Read Full Post »
Posted in Afghanistan on October 18, 2004|
Afghanistan, the land of confluence of Greek, Persian, Buddhist and Islamic cultures is a goldmine for Archaeologists. Years of war have destroyed many of the symbols of its cultural heritage, but now efforts are on to discover things which are underground.
Afghanistan was a crossroads for the major powers of the ancient and modern world. Cyrus the Great of Persia founded Bagram. Alexander the Great founded a town in his own honor near the edge of the Registan Desert, now called Kandahar. Alexander lived in Bagram (Cyrus’ Kapissa) for two years and married Roxanne, a young woman from the area west of modern Mazar-I Sharif. Ghengis Khan would later ravage the country, purposefully destroying the elaborate waterworks which lined the Helmand River. Those waterworks have still not been rebuilt more than a millennium later, but their remains are extant.
Afghanistan’s past is part of the world’s cultural treasure. This land was the limit of Alexander’s Hellenistic empire. These mountains and valleys are where London and Moscow played “the great game” for control of central and south Asia. Here Babur built lavish gardens, splendid shrines and magnificent Islamic schools and mosques, some of which still sparkle in the brilliant sunshine.[Afghan Archaeology on Road to Recovery]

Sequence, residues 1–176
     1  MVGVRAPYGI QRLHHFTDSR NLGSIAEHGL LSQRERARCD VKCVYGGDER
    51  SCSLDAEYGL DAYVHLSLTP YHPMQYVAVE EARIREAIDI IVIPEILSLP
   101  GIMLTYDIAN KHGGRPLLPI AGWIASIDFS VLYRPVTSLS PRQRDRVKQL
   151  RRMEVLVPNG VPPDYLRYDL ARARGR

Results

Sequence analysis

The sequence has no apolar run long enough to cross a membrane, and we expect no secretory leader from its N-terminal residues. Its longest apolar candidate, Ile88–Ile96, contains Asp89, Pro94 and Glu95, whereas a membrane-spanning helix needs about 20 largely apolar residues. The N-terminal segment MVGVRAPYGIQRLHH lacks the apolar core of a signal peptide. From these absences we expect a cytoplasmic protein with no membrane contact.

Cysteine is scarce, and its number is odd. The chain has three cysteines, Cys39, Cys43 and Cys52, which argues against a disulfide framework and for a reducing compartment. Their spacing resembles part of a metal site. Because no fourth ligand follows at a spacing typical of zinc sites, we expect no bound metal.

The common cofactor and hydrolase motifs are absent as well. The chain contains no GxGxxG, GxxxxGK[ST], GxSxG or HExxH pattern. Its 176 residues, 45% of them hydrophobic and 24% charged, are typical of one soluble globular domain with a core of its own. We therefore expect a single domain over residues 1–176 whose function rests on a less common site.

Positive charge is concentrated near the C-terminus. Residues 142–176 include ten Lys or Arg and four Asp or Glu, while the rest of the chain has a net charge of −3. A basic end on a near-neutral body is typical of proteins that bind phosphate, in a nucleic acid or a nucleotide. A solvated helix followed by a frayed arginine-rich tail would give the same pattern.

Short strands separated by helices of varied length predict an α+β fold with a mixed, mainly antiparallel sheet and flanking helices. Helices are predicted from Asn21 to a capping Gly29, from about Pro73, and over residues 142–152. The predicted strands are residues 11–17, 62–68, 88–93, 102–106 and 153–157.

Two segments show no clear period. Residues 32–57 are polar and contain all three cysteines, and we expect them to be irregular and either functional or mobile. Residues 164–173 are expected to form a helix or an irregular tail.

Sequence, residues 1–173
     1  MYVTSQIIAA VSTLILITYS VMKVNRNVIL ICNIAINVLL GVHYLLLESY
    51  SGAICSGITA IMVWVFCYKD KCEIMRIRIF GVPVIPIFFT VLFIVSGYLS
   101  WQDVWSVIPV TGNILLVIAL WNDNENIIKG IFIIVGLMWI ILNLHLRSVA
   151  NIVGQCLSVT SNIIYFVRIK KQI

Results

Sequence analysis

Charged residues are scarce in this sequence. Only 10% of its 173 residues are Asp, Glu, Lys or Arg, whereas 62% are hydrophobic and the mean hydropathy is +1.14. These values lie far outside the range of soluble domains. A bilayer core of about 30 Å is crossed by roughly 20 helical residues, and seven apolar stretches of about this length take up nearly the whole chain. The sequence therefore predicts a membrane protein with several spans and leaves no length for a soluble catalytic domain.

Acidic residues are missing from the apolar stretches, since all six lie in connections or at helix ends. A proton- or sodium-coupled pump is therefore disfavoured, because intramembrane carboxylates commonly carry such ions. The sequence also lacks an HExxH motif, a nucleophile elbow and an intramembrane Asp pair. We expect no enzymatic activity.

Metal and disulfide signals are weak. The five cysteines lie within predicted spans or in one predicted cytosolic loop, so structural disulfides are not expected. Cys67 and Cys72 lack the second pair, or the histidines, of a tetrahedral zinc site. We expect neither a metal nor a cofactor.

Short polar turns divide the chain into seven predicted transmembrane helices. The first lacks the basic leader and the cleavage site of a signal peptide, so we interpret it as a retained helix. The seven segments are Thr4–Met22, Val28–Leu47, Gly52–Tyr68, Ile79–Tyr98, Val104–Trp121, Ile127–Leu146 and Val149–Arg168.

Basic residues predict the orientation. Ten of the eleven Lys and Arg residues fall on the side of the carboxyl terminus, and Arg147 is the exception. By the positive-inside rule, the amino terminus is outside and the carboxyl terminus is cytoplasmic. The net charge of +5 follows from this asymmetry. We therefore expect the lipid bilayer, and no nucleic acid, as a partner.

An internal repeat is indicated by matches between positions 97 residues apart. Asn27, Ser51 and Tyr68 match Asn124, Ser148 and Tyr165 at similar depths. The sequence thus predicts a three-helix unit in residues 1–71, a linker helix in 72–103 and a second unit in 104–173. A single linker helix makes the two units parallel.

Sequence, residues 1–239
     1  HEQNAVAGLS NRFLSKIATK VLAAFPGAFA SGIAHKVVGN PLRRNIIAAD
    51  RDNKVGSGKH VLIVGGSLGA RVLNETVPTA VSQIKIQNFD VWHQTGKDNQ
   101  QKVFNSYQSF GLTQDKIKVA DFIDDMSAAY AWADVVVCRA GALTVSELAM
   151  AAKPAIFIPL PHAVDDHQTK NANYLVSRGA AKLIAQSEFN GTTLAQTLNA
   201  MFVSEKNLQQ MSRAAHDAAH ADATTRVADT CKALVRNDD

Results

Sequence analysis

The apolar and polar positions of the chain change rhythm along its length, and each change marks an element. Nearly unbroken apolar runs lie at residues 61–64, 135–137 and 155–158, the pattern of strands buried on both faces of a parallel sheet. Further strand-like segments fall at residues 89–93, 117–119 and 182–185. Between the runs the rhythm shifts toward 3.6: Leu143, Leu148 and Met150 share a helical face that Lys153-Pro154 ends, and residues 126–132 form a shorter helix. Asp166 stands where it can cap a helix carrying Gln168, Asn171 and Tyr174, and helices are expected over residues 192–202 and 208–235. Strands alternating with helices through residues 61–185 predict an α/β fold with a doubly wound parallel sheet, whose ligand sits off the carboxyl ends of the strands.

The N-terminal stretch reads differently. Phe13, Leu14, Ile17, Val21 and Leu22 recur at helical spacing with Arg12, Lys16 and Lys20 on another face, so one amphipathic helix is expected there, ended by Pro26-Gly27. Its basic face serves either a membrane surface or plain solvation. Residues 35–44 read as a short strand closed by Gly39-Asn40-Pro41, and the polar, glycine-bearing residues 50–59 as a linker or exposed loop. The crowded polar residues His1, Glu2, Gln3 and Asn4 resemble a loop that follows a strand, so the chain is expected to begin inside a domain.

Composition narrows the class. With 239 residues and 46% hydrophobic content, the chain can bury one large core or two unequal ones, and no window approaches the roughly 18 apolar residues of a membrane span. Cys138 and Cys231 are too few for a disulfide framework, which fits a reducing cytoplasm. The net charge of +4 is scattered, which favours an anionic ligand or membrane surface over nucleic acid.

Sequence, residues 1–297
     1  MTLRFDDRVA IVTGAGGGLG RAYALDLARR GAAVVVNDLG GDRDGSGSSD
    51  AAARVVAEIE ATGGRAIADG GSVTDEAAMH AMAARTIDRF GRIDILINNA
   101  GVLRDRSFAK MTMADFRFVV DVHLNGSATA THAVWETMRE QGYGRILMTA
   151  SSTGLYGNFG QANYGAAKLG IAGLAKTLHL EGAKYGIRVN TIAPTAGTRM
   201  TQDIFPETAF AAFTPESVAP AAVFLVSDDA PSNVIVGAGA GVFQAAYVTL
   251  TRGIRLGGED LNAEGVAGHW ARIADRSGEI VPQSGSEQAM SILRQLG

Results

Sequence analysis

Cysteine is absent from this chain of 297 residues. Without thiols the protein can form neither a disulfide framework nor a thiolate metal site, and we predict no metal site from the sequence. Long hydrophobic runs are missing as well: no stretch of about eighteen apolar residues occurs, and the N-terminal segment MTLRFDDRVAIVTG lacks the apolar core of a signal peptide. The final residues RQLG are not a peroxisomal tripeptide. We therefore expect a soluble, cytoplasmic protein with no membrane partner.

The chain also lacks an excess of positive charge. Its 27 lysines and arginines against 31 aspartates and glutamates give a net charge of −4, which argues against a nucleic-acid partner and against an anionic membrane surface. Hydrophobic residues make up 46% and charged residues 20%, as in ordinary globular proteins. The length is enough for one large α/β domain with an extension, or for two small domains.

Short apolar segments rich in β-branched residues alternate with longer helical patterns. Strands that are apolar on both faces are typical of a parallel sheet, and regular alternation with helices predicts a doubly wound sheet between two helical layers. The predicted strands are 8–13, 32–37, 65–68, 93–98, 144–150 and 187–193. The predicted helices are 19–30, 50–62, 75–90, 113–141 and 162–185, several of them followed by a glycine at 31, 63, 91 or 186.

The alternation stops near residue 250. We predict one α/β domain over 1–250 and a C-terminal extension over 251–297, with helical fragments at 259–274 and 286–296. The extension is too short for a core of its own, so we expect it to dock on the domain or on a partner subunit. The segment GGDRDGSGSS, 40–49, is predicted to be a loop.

Read Full Post »
Posted in Afghanistan on June 1, 2004|
Bactria, located in Northern Afghanistan between the Hindu Kush mountains and Oxus river, was the eastern province of the Persians before it was conquered by the Greeks. Something that has survived even after the Soviet and Taliban rule is their gold. Now for the first time this ancient gold will be available for the whole world to see.
bq. While other important archaeological sites are plundered or have been ruined by war, the Bactrian gold, discovered by a Soviet team near the northern town of Shiberghan just before the Red Army invasion of 1979, has had a number of narrow escapes, adding to its allure and mystery.
bq. An Afghan official who viewed the Bactrian gold recently in an underground vault in the heavily guarded presidential palace in Kabul described the pieces he saw, including an intricately designed belt and a gold broach, as “priceless”. [“Al Jazeera”:http://english.aljazeera.net/NR/exeres/D6A2AC7E-96D1-4CDF-8510-1FD7126CC672.htm%5D
Read Full Post »